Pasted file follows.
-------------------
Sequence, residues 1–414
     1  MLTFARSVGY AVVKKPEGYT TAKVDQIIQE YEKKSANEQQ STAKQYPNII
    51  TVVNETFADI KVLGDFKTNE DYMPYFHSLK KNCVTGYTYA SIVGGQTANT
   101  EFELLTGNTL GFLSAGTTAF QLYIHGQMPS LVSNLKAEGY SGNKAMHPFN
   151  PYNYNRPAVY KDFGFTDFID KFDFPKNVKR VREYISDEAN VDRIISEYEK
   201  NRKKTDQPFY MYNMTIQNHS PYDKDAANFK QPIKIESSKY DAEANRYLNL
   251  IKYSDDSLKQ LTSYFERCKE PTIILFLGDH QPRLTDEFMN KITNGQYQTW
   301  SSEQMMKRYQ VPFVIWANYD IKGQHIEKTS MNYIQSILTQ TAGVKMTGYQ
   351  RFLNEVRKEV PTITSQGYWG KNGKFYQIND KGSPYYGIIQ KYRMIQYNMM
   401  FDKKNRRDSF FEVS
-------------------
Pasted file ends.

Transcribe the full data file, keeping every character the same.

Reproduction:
Sequence, residues 1–414
     1  MLTFARSVGY AVVKKPEGYT TAKVDQIIQE YEKKSANEQQ STAKQYPNII
    51  TVVNETFADI KVLGDFKTNE DYMPYFHSLK KNCVTGYTYA SIVGGQTANT
   101  EFELLTGNTL GFLSAGTTAF QLYIHGQMPS LVSNLKAEGY SGNKAMHPFN
   151  PYNYNRPAVY KDFGFTDFID KFDFPKNVKR VREYISDEAN VDRIISEYEK
   201  NRKKTDQPFY MYNMTIQNHS PYDKDAANFK QPIKIESSKY DAEANRYLNL
   251  IKYSDDSLKQ LTSYFERCKE PTIILFLGDH QPRLTDEFMN KITNGQYQTW
   301  SSEQMMKRYQ VPFVIWANYD IKGQHIEKTS MNYIQSILTQ TAGVKMTGYQ
   351  RFLNEVRKEV PTITSQGYWG KNGKFYQIND KGSPYYGIIQ KYRMIQYNMM
   401  FDKKNRRDSF FEVS